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National Kool-Aid Day

Enjoy a refreshing glass of Kool-Aid today! National Kool-Aid Day coincides with the first day of Kool-Aid Days each year, which is always celebrated on the second weekend of August in Hastings, Nebraska, the city where Kool-Aid was created. Hastings' Kool-Aid Days began in 1998, the same year that Kool-Aid was named Nebraska's official state drink.

Edward Perkins lived in Hastings and spent his time experimenting with making products in his mother's kitchen and selling them by mail-order. He created the Perkins Products Company in 1920, and shortly thereafter created Fruit Smack, a liquid concentrate used to make a flavored drink by mixing it with sugar and water. The four-ounce bottles were expensive to ship and sometimes broke in transit. To reduce costs, Perkins made a powdered form in 1927, being inspired by Jello-O. It was sold in packets and was available in six flavors: cherry, grape, lemon-lime, orange, raspberry, and strawberry. The name was first changed to "Kool Ade," production was moved to Chicago in 1931, and Perkins trademarked the name Kool-Aid in 1934.

Kool-Aid packets originally sold for ten cents apiece, but the price was dropped to five cents during the Great Depression when the drink was marketed as "the Budget Beverage." The drink thrived during those years but was hurt by sugar rationing during World War II. Kool-Aid supplied some rations to troops overseas, though, and demand for the drink returned after the war. In 1953, Perkins sold Kool-Aid to General Foods.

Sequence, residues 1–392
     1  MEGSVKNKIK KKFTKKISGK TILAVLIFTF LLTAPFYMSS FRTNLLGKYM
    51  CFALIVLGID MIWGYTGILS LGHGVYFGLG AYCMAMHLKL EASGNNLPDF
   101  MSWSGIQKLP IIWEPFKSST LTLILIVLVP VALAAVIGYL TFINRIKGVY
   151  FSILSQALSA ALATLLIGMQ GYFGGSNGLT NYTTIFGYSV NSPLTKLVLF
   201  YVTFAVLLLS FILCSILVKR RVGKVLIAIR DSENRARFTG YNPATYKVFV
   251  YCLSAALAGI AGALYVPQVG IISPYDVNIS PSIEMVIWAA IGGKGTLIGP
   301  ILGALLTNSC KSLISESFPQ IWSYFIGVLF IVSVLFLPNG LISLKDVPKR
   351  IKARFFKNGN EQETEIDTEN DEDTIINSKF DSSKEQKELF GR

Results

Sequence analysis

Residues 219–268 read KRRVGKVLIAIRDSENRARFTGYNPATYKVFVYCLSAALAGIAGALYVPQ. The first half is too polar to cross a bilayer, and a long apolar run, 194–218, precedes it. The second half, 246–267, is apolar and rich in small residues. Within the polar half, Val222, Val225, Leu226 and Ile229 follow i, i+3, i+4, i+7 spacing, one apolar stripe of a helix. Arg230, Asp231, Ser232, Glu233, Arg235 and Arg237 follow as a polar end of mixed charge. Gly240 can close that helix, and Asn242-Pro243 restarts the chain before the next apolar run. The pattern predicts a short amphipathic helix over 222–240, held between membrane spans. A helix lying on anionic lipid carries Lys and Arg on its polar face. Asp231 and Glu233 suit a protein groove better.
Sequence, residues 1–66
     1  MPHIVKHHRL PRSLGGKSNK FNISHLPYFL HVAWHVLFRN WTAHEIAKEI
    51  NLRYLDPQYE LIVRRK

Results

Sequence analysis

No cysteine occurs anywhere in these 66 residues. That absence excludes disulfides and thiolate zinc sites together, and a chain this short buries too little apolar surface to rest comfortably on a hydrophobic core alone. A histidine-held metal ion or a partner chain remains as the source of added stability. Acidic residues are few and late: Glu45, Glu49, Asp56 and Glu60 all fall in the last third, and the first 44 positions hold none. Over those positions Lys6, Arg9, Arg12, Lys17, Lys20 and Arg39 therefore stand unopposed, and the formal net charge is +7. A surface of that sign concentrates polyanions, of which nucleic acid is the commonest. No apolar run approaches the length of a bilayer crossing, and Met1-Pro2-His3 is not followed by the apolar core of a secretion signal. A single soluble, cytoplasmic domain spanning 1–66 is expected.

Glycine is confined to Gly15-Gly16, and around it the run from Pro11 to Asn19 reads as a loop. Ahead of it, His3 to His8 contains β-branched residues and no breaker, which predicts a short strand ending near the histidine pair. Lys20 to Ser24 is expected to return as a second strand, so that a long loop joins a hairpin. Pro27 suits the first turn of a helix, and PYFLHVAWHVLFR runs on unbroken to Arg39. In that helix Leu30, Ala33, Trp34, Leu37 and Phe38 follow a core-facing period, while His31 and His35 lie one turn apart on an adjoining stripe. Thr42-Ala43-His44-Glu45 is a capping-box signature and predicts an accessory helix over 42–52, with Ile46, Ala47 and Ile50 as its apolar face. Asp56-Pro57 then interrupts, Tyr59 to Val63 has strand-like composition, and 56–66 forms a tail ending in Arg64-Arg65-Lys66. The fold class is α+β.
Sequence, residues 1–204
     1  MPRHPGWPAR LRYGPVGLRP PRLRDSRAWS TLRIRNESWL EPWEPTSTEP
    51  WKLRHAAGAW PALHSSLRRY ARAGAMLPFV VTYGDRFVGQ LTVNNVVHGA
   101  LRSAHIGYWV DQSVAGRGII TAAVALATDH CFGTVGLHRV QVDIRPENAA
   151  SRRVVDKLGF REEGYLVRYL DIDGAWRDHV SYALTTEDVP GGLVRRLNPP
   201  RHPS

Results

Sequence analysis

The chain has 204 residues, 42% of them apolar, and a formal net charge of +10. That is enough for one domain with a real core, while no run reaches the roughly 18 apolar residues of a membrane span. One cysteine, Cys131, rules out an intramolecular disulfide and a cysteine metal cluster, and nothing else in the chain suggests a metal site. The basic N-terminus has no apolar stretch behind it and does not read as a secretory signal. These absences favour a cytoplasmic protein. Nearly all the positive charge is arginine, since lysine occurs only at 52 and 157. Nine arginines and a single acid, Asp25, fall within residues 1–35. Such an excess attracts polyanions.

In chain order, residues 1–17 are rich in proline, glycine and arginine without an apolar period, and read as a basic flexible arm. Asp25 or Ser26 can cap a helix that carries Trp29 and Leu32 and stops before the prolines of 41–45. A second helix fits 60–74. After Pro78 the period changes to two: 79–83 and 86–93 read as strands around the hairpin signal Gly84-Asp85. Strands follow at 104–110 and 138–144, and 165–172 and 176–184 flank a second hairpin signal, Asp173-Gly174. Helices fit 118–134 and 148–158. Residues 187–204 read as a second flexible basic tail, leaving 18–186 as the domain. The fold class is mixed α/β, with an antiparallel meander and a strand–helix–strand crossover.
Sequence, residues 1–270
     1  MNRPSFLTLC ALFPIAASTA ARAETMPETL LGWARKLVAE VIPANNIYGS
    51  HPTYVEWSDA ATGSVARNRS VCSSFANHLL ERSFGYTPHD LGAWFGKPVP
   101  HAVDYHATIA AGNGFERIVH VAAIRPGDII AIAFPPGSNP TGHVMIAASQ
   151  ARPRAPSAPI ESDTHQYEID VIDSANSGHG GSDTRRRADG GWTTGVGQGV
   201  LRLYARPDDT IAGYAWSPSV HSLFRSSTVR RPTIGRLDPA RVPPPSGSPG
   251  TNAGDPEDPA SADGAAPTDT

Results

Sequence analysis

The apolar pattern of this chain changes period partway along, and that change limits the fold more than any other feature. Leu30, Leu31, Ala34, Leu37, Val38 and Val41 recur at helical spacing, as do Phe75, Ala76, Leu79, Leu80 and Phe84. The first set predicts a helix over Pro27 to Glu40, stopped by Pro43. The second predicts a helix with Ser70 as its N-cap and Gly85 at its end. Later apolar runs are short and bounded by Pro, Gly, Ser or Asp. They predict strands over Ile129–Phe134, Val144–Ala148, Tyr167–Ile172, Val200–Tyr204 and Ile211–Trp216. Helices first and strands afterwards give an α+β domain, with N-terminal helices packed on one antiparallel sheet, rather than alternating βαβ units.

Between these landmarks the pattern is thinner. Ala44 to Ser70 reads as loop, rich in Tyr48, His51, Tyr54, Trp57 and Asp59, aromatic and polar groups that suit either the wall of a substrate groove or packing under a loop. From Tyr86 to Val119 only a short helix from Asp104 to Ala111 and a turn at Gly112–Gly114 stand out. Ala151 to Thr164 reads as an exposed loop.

Shortly after the General Foods acquisition, the prototype of the Kool-Aid Man arrived. Kool-Aid Man went on to appear in television and print advertising, and even in comics and a video game. In television ads, children were portrayed as becoming thirsty during some sort of physical activity; Kool-Aid Man would come to the rescue, bursting through the walls of their homes, exclaiming "Oh, yeah!" and making them Kool-Aid.

Kool-Aid is now owned by Kraft Foods. Besides being available in powdered form in packets or small tubs, Kool-Aid sells other products as well, such as Kool-Aid Bursts and Kool-Aid Jammers. People have even found other uses for Kool-Aid besides drinking it. It has been used to make playdough, and for cleaning toilets, dyeing hair, and coloring lips.

How to Observe National Kool-Aid Day

Celebrate the day by drinking some Kool-Aid! There are many more flavors than the original six that you could now try. You could also use Kool-Aid to make various foods, drinks, or other things. The best way to spend the day—or your whole weekend—is to head to Hastings, Nebraska, for Kool-Aid Days. You could even participate in their "Kwickest Kool-Aid Drinking Contest." While you are in the city, visit the Hastings Museum, where an exhibit on Kool-Aid can be viewed, and stop at the old Perkins Products Company building to see the spot where Kool-Aid was invented. If you aren't able to make the journey to Hastings, watch some old Kool-Aid commercials, and play Kool-Aid Man online, which originally debuted on Atari 2600 in 1983.

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